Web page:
Administrative staff and in many cases the teaching staff supporting their claims are on five-day rolling strikes while the senate committees of universities insisted on closing the institutions, claiming the inability to function without expert staff.
While the rectors of universities are appealing to the State Council against the decision of the education secretary, he is taking legal action against the rectors for dereliction of duty and failing to take “necessary measures to ensure the smooth operation of the institutions.”
The dispute has provoked reactions from several former rectors of the University of Athens, who in a joint statement said the university should remain open in order to carry out its many functions – although they recognized that apportioning the number of administrative staff into the mobility scheme was not carried out in a “clear and objective manner."
They appealed to the education secretary to allow a period of three months to implement the measure, and called on institutions to carry out “an assessment of the administrative staff not from a typical or social consideration but with clear criteria of real contribution to the administrative operation of the university.”
This statement, if not rejected by the education secretary and the institutions – which claim that they have a need to increase and not reduce staff – is likely to provoke a reaction from trade unions representing administrative staff, since it implies that there are staff members who are not doing their jobs properly or are not necessary.
Into the fray jumped a large number of Greek academics who are teaching in British universities.
They stated that the closure of universities would probably have immeasurable consequences for teaching, research, and clinical work as well as international cooperation. The threat to higher education resulting from the sharp measures was a cause for concern beyond Greece’s borders.
The academics abroad called on the Greek government and the European Union to protect Greek universities because “they are and should remain a beacon of critical thought in a Europe where social structures have been undermined by successive massive cuts and over which the dark shadow of the extreme right is rising dangerously.”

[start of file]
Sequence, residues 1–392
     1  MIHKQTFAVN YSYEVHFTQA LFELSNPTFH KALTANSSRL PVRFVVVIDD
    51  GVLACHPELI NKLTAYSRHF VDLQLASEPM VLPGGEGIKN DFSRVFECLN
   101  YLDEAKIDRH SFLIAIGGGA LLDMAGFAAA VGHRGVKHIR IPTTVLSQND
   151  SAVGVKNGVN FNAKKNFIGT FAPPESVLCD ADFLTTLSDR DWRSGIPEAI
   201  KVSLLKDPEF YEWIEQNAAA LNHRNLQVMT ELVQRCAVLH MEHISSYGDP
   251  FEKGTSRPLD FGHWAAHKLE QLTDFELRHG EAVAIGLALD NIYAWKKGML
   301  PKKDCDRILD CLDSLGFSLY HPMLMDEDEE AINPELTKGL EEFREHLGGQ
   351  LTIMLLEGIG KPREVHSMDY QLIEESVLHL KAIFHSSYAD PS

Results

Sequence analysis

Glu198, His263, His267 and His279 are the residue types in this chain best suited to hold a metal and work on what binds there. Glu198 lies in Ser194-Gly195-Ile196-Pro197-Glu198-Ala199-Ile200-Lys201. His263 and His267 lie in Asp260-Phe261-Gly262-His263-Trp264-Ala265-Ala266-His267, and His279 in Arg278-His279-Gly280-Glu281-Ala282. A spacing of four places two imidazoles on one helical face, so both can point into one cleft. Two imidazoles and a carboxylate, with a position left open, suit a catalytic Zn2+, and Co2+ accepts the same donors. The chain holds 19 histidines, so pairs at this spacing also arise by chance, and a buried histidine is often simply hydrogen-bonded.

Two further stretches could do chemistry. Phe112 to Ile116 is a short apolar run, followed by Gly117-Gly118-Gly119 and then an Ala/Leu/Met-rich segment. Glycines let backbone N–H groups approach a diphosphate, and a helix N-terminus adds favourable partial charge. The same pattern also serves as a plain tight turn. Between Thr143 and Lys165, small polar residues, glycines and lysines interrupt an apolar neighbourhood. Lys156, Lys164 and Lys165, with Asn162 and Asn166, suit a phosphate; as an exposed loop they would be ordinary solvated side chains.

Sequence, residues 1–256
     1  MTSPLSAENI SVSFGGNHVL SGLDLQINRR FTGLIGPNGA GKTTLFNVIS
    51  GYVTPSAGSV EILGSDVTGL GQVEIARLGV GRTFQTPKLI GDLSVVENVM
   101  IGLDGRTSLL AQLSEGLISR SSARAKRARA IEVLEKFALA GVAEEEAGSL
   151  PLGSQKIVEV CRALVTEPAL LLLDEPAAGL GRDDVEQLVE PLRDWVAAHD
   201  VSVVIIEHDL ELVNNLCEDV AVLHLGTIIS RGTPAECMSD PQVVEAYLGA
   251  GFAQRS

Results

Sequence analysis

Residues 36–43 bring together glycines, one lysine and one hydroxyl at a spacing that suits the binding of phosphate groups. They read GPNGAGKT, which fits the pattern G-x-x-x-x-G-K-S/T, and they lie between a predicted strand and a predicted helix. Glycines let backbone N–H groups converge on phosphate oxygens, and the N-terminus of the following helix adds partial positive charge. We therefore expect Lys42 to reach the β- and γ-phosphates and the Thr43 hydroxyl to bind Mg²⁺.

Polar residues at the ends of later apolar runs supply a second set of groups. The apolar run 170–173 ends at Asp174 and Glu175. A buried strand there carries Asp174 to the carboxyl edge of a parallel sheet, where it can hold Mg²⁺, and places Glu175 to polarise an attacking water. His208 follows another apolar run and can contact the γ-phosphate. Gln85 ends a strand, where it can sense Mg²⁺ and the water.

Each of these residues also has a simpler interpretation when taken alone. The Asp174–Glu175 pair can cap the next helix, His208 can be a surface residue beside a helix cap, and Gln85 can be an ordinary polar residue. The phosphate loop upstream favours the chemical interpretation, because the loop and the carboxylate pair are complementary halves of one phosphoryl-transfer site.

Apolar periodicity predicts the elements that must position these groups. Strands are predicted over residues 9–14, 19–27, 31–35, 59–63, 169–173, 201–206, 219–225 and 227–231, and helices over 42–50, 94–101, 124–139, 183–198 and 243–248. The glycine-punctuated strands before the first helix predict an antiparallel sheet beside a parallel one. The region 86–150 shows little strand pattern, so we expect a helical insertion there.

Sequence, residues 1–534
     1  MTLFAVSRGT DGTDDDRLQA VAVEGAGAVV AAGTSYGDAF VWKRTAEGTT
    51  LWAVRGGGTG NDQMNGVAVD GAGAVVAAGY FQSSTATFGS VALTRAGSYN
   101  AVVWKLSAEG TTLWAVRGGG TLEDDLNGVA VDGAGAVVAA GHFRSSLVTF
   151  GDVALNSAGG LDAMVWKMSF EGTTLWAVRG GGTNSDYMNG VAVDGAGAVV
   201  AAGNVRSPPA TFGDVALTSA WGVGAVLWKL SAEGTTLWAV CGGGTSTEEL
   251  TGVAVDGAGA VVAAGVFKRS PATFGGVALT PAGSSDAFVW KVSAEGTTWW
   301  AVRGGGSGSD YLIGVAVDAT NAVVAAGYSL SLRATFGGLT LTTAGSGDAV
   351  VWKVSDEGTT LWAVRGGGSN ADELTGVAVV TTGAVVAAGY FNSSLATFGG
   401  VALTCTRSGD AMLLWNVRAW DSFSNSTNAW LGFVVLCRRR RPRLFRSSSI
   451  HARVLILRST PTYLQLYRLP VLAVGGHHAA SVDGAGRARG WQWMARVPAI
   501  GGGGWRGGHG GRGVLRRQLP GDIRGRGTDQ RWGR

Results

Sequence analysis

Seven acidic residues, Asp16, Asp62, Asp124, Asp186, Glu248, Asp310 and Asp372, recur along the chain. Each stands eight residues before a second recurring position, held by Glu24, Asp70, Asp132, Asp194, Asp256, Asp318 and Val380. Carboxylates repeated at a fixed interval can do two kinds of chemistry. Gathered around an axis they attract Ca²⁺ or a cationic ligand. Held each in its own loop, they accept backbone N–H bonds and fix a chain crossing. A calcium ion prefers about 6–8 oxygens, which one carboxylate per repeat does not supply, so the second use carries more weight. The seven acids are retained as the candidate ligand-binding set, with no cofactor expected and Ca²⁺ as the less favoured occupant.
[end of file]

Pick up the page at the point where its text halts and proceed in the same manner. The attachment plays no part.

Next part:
Cynics will claim that this is all very well, but the EU – with Germany at the forefront – and the Greek government have made up their minds to put everything valuable in the country up for sale – education, health, transport, natural resources, islands, water, ports, and airports.
Then private interests will be able to buy these valuable sectors and exploit them with the help of low salaries and practically non-existent worker rights, in line with prevailing neo-liberal policies.
Already so-called colleges – post-secondary education organizations – are flexing their muscles, ready to exploit opportunities offered by the systematic marginalisation of state universities.
The president of the Greek Colleges Association Kostantinos Karkanias has suggested that members forge mergers and improve their building and programs in order to create private higher-education institutions.
“Deliberately, I do not use the term ‘private university,’ until such time as it is allowed by the Greek constitution,” he said.
And Karkanias concluded in a statement: “The time of private schools of tertiary education is very close, not because we ask for it but because not only in Europe but in many countries in the rest of the world it is allowed.”have shut their dorr